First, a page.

>> No.27898459

>>27898347
If you have it concealed, you're not going to have to worry about rain putting out your match, are you?

>>27898369
>Did you read my post? Since when does "more advanced" imply "definitively better"?
Since otherwise your point has no relevance. Why should it wheel locks be kept in mind at all? Especially as a heavy cavalry side-arm? Japan got heavy cavalry right before they got the guns to decimate heavy cavalry with revolving fire (though they had one line of gunners being cycled several sets of guns being loaded in the lines behind them as opposed to the European method of having three lines loading their own guns cycling around). And what makes it superior to the matchlock pistol (and, yes, Japan had these) for heavy cavalry anyway?

The only problem Japan didn't fix with the design of the matchlock was the fact you needed to keep a match lit. As mentioned earlier, they did figure out how to keep it lit better than the Europeans, but they still needed a match.

>> No.27898518

>>27875653
>mmm yeah, work those curves
>I'mma penetrate your combustion chamber

>> No.27898561
File: 371 KB, 2769x1534, 27178.jpg [View same] [iqdb] [saucenao] [google] [report]
27898561

>>27898459
>Since otherwise your point has no relevance.
It does, because the previous post seemed to imply that Japan was innovating gun technology while Europe was sitting on their asses, when technologically wise Europe was way ahead, though not on a large scale.

>what makes it superior to the matchlock pistol (and, yes, Japan had these) for heavy cavalry anyway?
It was more resilient to the stresses while riding on horseback and more reliable when it comes to firing as intended.

>> No.27898571
File: 210 KB, 2540x1020, 27178_b.jpg [View same] [iqdb] [saucenao] [google] [report]
27898571

>> No.27898577
File: 257 KB, 2808x1130, 27178_c.jpg [View same] [iqdb] [saucenao] [google] [report]
27898577

>> No.27898589
File: 140 KB, 2692x472, 27178_d.jpg [View same] [iqdb] [saucenao] [google] [report]
27898589

>> No.27898647

>>27898561
> It was more resilient to the stresses while riding on horseback and more reliable when it comes to firing as intended.
More resilient than what? Glass? More reliable than... what, a snap-matchlock which hit the pan with such force it extinguished the match and splashed your powder going everywhere?

> when technologically wise Europe was way ahead
But far behind in equipping their soldiers with cheap reliable guns; which is the important part.

>> No.27898708
File: 25 KB, 608x256, 1333691588068.jpg [View same] [iqdb] [saucenao] [google] [report]
27898708

Thulsa Doom answered question back in the 80s OP.

http://www.youtube.com/watch?v=P2EQ0FlVks4

>> No.27898861

>>27898647
>More resilient than what?
More resilient than matchlock weaponry.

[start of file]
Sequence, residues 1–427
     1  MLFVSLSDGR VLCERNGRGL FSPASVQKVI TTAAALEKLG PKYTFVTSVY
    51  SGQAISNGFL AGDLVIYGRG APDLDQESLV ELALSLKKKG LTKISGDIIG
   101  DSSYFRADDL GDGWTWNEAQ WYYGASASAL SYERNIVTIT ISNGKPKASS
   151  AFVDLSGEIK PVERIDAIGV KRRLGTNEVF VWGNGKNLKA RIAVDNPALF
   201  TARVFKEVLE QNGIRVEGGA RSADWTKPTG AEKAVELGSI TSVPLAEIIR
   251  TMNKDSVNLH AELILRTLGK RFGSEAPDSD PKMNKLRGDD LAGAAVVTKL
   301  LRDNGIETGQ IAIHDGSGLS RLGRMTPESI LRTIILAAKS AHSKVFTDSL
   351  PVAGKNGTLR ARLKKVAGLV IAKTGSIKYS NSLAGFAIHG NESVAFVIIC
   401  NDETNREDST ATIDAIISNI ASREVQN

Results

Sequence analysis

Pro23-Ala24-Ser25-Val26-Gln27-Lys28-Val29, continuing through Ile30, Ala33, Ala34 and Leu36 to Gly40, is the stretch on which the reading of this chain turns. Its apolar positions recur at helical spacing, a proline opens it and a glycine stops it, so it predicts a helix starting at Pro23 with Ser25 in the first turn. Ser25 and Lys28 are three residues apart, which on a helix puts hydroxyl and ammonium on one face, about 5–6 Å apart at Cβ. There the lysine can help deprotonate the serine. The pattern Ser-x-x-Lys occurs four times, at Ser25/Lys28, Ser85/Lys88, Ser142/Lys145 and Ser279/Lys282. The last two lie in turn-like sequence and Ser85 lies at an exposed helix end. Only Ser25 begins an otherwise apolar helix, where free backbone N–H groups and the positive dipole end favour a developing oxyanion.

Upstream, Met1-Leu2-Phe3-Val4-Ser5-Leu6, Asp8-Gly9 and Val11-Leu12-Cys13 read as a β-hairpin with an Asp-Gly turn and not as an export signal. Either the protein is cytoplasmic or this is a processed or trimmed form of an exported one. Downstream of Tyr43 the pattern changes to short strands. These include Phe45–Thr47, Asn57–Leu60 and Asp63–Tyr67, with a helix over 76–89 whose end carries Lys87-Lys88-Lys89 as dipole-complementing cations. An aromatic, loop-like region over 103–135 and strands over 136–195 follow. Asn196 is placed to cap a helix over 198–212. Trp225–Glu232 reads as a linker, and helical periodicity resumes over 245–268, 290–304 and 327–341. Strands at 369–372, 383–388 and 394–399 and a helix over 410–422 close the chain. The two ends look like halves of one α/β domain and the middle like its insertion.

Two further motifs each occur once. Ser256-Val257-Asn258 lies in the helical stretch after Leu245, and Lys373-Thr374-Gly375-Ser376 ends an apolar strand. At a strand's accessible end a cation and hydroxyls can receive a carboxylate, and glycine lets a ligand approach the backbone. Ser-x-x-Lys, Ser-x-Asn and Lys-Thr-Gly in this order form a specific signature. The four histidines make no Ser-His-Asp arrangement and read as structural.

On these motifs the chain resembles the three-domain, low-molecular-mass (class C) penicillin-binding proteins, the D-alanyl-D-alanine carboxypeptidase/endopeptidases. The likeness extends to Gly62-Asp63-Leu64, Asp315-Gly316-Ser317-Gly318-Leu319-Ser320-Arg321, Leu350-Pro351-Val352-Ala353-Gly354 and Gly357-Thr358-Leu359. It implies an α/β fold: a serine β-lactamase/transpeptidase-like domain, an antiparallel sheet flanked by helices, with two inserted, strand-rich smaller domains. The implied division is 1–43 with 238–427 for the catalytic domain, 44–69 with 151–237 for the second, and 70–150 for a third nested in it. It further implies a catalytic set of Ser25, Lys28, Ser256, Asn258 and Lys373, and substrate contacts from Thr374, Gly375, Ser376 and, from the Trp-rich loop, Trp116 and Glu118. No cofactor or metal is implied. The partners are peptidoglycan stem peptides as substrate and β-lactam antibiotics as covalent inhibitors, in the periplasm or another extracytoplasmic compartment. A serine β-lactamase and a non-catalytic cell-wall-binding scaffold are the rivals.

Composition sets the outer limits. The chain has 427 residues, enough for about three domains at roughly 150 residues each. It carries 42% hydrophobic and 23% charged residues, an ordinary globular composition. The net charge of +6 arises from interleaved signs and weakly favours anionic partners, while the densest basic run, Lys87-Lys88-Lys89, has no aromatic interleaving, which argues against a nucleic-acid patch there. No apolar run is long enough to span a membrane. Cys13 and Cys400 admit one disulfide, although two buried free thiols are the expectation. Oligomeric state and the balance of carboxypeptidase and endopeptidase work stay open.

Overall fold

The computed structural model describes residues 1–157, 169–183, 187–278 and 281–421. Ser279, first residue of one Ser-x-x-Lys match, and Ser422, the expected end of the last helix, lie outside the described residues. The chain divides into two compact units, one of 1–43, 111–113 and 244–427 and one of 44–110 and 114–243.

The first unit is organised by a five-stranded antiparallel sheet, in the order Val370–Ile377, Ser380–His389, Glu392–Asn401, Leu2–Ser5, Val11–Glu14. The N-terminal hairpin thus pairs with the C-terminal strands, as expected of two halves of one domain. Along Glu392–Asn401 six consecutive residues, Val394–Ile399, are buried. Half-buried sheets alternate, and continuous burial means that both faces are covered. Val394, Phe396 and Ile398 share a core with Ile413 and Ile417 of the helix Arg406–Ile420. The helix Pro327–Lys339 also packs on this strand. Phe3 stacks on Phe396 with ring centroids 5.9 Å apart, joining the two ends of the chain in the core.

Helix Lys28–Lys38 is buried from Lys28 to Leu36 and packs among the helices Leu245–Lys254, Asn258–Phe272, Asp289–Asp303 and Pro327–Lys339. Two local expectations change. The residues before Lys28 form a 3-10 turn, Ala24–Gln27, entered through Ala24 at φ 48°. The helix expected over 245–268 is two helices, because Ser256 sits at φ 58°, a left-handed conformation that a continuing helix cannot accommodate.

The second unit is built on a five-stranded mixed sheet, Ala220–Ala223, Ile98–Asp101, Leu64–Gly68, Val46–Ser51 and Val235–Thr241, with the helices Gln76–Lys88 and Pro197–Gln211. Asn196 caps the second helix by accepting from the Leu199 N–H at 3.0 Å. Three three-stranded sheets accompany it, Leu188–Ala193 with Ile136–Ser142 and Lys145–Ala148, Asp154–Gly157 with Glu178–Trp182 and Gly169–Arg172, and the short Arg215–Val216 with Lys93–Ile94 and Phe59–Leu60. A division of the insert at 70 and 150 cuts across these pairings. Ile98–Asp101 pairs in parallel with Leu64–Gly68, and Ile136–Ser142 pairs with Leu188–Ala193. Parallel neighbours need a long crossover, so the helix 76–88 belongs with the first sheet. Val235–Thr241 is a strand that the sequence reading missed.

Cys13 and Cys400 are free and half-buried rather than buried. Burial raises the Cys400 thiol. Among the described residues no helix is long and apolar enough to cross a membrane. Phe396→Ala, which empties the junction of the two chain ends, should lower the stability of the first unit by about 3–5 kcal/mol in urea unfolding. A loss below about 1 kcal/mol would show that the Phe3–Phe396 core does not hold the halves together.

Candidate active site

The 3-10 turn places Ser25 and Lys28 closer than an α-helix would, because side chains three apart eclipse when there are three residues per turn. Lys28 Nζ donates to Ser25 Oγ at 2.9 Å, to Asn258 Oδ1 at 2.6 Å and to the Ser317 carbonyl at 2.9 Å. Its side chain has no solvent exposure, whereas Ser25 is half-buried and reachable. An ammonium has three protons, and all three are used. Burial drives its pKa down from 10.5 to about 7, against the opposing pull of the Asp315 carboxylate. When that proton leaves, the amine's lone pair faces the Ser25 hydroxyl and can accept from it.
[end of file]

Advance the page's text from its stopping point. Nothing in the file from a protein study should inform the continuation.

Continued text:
>But far behind in equipping their soldiers with cheap reliable guns; which is the important part.
I wouldn't call it "far behind". European warfare was very much mercenary-based in the 16th century, while Japan was still very deeply feudal. Due to that, the equipment of troops would also vary quite a bit and often it wasn't a matter of "equipping their troops" because the mercenaries hired would bring their own. Rather than Europe sitting on their asses or being unable to find a cheap solution for the masses, it was more that it wasn't a necessity since equipment was still a more personal issue. Later with snaphance and flintlock, cheap enough solutions were around and the line infantry armies of the 18th century easily surpassed anything Japan ever had in that direction.

>> No.27898899

>>27898861
It should also be considered that firearms weren't yet as useful.

- They had to be fielded in great numbers due to a lack of accuracy
- Their range was still very limited and plate armour offered reasonable protection
- They couldn't yet stop cavalry charges

This only changed in the 18th century.

>> No.27899146

>>27898861
>Later with snaphance and flintlock, cheap enough solutions were around and the line infantry armies of the 18th century easily surpassed anything Japan ever had in that direction.
Western guns only started surpassing equivalent Japanese ones around the early-mid 1800s, with Minne balls and rifling and repeating rifles and such.

>> No.27899260

>>27878918
Well spears are more "Back the fuck off or I'll cut you"

Where a spear is "Get off your high horse! Literally!"

>> No.27899290

>>27899260
Well the naginata are more "Back the fuck off or I'll cut you"

Where a spear is "Get off your high horse! Literally!"

>fixed. God damn am I tired

>> No.27899326

Screw Japan and Europe; India had the best weapons:
>Katars
Can't decide if you want to punch a guy or stab him? Use a katar and do both at the same time!
>Chakram
Yeah, as if you were going to kill anything with those tiny shurikens. If you want a bladed throwing weapon, THIS should be your first choice
>Khukri
Yeah yeah, technically from Nepal, but screw you, india was a big user of it as well. You know how good this knife is? It's still commonly used today, that's how

>> No.27899337

>>27888206
Not weird.

It's fact. The average katana was about 4 pounds, because it has so many layers. That's what happens when you got shitty metal, you need more to compensate.

Longswords had higher quality stuff and required less. Specifically it weighs a pound less than its eastern counterpart.

>> No.27899365

>>27899326
Didn't they also have those metal weapons that were kinda like whips? hard as hell to master, but you could sweep just swing it about like a flail and it'd cut like a sword.

I forget what they're called.

>> No.27899384

>>27888206
Actually, many of the thinner blades were heavier. In particular, the rapier, which people often think of as the fastest sword ever, commonly weighed as much as many two-handed swords of the time.

>> No.27899414

>>27899365
Hell yeah they did, and I excluded mentioning them for the same reason that you did. Even if you had no idea what you were doing with one, the intimidation factor of having the blade flying everywhere around you was big enough that you often didn't need to actually fight with it.